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Programme to stop malaria spread launched

BY: Samuel K. Obour

An indoor residual spraying (IRS) campaign programme has been launched at Savelugu in the Northern Region to help prevent Malaria spread in some districts in the region.

 The programme aims at protecting about 470,000 residents of the beneficiary districts of Bunkpurugu/Yunyoo, East Mamprusi, Savelugu/Nanton and West Mamprusi from contracting the disease.

 The IRS project intends to kill mosquitoes that carry the malaria parasite to prevent its transmission. It involves the application of insecticide to the interior walls and eaves of homes.

 It is funded by the President’s Malaria Initiative and implemented by the Africa Indoor Residual Spraying (AIRS) project led by Abt Associates. 

 According to the AIRS Ghana Chief of Party, Peter Mumba, IRS is a core component of Ghana’s current national malaria control strategy and Ghana’s strategic plan for malaria control between 2008-2015 with the goal to protect one-third of Ghana’s districts by the end of the project.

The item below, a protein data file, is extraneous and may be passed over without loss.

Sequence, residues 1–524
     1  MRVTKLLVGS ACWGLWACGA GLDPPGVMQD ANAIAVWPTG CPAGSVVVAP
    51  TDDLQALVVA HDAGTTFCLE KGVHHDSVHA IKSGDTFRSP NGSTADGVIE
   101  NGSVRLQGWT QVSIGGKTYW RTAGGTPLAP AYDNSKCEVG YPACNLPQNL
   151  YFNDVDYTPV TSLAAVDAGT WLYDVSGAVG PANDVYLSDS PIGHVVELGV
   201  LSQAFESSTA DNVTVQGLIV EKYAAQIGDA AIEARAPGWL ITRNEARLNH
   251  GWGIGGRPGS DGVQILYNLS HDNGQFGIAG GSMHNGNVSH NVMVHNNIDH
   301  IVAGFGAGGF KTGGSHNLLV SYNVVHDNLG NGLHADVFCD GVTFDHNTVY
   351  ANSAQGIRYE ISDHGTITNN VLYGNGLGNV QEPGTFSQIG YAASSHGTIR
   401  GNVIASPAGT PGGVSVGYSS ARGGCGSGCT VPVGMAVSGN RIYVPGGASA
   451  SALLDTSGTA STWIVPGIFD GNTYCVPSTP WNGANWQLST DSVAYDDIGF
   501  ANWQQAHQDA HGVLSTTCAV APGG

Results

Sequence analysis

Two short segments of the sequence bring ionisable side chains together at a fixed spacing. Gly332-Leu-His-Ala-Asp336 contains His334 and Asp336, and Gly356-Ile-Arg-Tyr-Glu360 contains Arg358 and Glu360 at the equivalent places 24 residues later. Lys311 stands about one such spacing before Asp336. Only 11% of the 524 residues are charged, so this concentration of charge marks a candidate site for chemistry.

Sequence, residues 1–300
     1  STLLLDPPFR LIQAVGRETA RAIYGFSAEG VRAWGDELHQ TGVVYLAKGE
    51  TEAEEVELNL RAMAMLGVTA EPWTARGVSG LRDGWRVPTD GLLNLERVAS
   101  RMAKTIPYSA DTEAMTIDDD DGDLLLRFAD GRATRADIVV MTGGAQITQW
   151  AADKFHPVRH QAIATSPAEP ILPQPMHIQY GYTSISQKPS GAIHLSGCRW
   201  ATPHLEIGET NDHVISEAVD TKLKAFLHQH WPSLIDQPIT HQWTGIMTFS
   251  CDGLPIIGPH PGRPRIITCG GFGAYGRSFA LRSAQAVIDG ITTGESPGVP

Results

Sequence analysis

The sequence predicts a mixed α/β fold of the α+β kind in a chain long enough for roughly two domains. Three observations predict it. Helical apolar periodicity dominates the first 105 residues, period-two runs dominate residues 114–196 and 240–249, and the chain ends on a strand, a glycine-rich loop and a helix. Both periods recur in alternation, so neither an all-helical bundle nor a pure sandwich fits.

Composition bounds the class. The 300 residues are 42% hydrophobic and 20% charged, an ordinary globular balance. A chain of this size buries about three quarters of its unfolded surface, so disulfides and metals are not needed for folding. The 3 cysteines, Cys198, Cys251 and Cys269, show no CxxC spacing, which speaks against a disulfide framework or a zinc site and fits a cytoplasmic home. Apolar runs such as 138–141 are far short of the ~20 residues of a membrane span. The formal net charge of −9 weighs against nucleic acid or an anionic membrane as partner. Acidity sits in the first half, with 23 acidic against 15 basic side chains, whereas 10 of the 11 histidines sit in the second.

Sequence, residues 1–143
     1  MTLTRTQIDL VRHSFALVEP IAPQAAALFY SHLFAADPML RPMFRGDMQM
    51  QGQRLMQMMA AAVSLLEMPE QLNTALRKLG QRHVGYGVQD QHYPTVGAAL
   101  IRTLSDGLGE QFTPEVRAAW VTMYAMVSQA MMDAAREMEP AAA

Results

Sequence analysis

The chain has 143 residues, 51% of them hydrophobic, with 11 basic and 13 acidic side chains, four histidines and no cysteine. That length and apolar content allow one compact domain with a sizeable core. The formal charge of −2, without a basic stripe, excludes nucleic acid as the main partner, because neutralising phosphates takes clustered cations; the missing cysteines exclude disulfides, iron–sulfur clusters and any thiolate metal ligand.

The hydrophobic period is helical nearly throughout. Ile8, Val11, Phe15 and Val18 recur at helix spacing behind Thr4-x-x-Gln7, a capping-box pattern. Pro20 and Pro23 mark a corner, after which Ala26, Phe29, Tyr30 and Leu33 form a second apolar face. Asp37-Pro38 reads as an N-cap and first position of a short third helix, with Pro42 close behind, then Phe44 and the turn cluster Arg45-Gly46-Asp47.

He said since its commencement in nine districts in 2012, AIRS had protected 941,240 people from malaria, including 22,707 pregnant women and 187,653 children under five. 

“Indoor residual spraying is a proven method of fighting malaria which disproportionately affects pregnant women and children under five. By targeting areas where malaria transmission is most severe, AIRS is helping vulnerable Ghanaians to lead healthy, productive lives,” Mr Mumba said. 

According to the Ghana Health Service, malaria is the number one cause of morbidity in the country, accounting for about 38 per cent of all outpatient illnesses, 36 per cent of all admissions and 33 per cent of all deaths in children under five years. 

Between 3.1 and 3.5 million cases of clinical malaria are reported in public health facilities each year, of which 900,000 cases are children under five years.

According to Mr Mumba, the AIRS project is also protecting millions of people from malaria by leading indoor residual spraying in 13 countries in Africa.

The programme was launched by the United States Ambassador to Ghana, Mr Gene A. Cretz and was attended by other stakeholders including chiefs and people from the area.

Story: Zakaria Alhassan